My journey into periodontology specialist training – what I learnt
Payvand Menhadji opens up about her journey into the world of periodontology and what she learnt along the way.
If you told me 10 years ago, I’d become a specialist in gums I would probably laugh and dismiss this statement. I attended a seminar in my fourth year of dental school where we were taught the basic principles of implant dentistry. Someone in the audience asked the lecturer how he has got to the stage he is currently and what route he took in order to be a leader in the field of implant dentistry.
The lecturer simply explained he didn’t really choose a particular path. He just worked hard, followed his passion and ended up in this position. I remember at the time I thought that can’t be true. But now five years on I can wholeheartedly agree with him.
After finishing my degree in Biochemistry in 2013, I knew I wanted something more clinical. I loved science but I needed something more hands on and dentistry seemed liked the perfect solution. After being accepted onto the BDS course at Liverpool, I soon realised the importance of periodontal health. It is arguably the most fundamental component of clinical dentistry. Like many undergraduates, I found the clinical application at UG level not as exhilarating as a crown preparation or performing endodontics.
Rounds of non-surgical periodontal therapy was as exciting as it got until we started having more advanced periodontology lectures by Ian Dunn. For those that you who know Ian, he is a fantastic lecturer. He is charismatic and his passion just oozes when he speaks about perio. At the time, I loved his adoration for perio and liked the gory pictures of surgery.
I successfully completed my BDS with honours and distinctions. I was ready to be a general dental practitioner for life with the hope of one day opening my own practice. Little did I know that my dental foundation training year was to be the most important year of my career to date.
I was accepted onto the Bedfordshire scheme and whilst moving back home to live in North London… this was the perfect commute for me out of London. I was fortunate to have 2 trainers at my practice, both of them extremely knowledgeable and supportive. One of my trainers, Victor Gehani, I consider as close as family now and he has really mentored me to be the dentist I am today.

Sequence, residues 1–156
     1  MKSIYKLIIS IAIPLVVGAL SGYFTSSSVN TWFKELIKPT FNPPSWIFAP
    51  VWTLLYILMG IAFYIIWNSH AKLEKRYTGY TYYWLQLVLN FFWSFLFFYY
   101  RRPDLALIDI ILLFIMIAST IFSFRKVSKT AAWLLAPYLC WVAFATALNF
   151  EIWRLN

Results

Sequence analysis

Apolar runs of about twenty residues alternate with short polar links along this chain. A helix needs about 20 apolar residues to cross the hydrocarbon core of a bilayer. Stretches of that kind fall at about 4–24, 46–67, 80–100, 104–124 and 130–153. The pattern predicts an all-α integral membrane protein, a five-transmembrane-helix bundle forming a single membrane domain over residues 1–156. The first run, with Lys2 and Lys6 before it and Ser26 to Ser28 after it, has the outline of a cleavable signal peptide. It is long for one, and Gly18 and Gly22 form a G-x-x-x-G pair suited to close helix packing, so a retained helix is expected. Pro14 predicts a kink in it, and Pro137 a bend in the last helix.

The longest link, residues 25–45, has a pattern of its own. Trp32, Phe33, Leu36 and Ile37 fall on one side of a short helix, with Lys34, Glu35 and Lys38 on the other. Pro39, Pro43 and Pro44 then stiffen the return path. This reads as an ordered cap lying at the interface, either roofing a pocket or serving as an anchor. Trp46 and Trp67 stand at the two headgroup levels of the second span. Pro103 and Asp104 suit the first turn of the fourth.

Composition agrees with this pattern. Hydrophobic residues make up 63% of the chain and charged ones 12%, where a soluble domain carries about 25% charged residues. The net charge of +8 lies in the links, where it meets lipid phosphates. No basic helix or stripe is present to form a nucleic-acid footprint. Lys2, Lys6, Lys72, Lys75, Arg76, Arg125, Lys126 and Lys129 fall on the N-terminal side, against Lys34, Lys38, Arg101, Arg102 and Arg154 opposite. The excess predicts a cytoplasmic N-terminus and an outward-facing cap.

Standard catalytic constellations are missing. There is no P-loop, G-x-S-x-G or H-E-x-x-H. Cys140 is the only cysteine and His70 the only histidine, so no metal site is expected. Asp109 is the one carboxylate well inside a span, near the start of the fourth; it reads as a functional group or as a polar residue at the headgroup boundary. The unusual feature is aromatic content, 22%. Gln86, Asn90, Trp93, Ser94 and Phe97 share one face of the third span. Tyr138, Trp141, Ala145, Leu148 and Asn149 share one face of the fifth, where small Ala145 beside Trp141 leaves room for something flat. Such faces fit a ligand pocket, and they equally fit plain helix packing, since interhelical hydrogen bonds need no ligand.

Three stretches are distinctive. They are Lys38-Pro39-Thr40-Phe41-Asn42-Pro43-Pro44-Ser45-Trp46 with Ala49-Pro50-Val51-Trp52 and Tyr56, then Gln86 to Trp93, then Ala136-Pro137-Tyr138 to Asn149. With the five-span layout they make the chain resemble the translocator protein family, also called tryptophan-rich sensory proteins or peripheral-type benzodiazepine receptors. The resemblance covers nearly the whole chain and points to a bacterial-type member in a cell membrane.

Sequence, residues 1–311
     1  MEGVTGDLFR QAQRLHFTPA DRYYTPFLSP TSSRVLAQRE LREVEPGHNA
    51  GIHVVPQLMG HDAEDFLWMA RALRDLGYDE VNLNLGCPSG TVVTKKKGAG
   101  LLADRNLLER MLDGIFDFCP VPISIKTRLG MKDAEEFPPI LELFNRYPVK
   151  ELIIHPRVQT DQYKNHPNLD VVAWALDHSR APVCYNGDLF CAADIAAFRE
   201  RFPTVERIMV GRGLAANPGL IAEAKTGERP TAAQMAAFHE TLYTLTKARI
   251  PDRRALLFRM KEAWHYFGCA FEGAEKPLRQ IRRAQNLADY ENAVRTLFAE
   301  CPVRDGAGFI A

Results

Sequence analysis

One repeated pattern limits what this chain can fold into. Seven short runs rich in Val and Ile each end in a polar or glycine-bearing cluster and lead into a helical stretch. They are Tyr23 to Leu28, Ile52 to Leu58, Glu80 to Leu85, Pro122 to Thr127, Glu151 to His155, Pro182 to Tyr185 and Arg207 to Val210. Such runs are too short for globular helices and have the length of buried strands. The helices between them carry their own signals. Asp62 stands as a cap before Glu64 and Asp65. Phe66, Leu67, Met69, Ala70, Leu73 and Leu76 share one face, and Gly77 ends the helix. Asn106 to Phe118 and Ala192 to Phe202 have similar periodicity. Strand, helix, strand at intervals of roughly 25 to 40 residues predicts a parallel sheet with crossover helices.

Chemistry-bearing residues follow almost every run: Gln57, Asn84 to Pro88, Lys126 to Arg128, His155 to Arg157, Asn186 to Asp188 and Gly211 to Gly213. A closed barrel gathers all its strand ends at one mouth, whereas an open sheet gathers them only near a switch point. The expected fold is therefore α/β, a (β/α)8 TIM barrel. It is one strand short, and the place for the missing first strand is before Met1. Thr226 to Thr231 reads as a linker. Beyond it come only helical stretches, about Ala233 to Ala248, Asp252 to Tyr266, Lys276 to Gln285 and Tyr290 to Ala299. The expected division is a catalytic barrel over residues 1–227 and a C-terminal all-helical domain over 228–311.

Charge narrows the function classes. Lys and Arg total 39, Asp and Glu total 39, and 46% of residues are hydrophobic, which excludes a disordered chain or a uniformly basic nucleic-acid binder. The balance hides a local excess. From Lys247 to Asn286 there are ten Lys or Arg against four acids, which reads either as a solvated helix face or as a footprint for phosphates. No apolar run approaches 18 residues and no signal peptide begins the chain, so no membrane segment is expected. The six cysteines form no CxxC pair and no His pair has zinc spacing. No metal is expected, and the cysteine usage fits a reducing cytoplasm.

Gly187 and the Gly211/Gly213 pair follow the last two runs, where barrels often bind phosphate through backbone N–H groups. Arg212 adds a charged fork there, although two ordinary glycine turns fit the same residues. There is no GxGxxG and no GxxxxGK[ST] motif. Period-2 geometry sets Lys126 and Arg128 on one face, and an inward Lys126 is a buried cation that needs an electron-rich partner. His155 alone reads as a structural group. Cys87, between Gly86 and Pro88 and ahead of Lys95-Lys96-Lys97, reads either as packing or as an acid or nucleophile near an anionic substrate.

I worked in a busy mixed NHS and private practice, that was very high-needs and periodontitis was rife. Clinically, I exceeded all clinical requirements within 4 months because there was just so much to do! The satisfaction I gained by helping patients with periodontitis to maintain their dentition by improving their oral health, and accordingly their quality of life, cannot be overstated.
They were so grateful and they listened to every word of advice I would give them. I loved the psychology behind changing people’s behaviour and I rose to the challenge.
Victor limits his clinical work to mainly placing and restoring implants now. I was fortunate enough to assist him on a weekly basis and he would encourage me to develop my surgical skills, by assisting me on crown lengthening procedures and encouraging me to attend many extracurricular workshops, talks and conferences.
I soon realised that periodontology and implant dentistry go hand in hand. With that thought, the BSP soon changed their name to the British Society of Periodontology and Implant Dentistry.
At this point in time, I couldn’t get enough of periodontology so I started shadowing several periodontists to see whether I would enjoy limiting my practice in this field. What I found inspiring was that every single periodontist I have met to that, loves their field, and has such passion when they speak about periodontology and are true leaders in their field.
They expressed that even within the speciality there is so many different types of periodontist you could be. It is truly a life changing profession. I was sold. Now I had to get onto the pathway.
I did my research and found that the monospecialities (Endodontics, Prosthodontics and Periodontics) are a lot more challenging to get onto as there are less funded positions. The pathways were confusing and they sort of fell under the umbrella term of Restorative Dentistry. I soon realised that being a restorative consultant didn’t necessarily mean you do lots of crown preps, mucogingival surgery and multi-rooted endodontics. Restorative Consultants deal with very complex multi-disciplinary cases including hypodontia, cancer patients, cleft lip and palate and trauma. I knew that wasn’t what I wanted to do so I ruled out Restorative Dentistry.
During my research, I found that it is necessary to have a dental core training (DCT) year or two under your belt before applying to becoming a specialist in any field of Dentistry. Particularly a year of oral and maxillofacial (MaxFax) surgery is deemed desirable. After that it really depends where abouts in the country you live and what the needs of the local area are for whether you can get funding or not.
There were a few academic routes academic clinical fellow (ACF) and academic clinical lecturer. For the ACF, you get your specialist training funded. But the university is preparing you to complete a PhD once you finish. An ACL on the other hand is someone who already holds a PhD and wants to get clinical training to become a specialist in their chosen field.
Having done eight years of university already, the idea of doing specialist training and then a PhD truly frightened me. I did not consider these two routes at all.
The simplest (not so simple really) route I could find was the MClinDent in periodontology. A masters in clinical dentistry. Most of the periodontists I had shadowed had taken this route and it seemed like the most favoured route. The major downside was it is privately funded, the fees go up every year and I had already done eight years of university. Eek!